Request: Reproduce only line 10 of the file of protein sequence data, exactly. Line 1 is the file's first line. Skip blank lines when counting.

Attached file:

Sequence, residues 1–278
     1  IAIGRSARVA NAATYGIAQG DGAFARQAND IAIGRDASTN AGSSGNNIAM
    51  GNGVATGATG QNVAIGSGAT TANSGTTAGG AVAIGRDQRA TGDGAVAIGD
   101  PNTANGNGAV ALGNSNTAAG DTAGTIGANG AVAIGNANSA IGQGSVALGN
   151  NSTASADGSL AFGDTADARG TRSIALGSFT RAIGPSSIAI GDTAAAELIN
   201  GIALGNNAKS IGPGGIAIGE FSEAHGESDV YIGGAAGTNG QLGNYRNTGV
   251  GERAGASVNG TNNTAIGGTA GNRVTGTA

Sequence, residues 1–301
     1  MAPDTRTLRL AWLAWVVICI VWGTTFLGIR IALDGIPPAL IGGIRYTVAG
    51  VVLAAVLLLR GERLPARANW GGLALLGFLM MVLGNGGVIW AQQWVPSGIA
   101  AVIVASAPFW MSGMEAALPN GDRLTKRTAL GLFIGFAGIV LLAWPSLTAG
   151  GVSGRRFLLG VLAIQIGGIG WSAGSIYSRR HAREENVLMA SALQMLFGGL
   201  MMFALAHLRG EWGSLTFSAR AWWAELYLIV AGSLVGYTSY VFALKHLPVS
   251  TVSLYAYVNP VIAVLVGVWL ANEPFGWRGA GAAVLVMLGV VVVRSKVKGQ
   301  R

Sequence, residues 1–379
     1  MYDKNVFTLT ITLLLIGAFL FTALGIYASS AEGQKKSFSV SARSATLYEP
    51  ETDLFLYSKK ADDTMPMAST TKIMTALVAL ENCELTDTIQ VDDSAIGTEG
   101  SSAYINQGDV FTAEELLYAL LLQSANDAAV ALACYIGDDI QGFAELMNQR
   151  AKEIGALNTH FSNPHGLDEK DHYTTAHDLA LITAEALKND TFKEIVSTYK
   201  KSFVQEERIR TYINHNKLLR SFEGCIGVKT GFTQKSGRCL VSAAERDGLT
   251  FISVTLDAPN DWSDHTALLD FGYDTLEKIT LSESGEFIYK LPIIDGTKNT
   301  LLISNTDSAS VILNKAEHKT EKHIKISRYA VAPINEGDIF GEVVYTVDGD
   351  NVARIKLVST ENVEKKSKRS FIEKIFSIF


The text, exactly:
    51  VVLAAVLLLR GERLPARANW GGLALLGFLM MVLGNGGVIW AQQWVPSGIA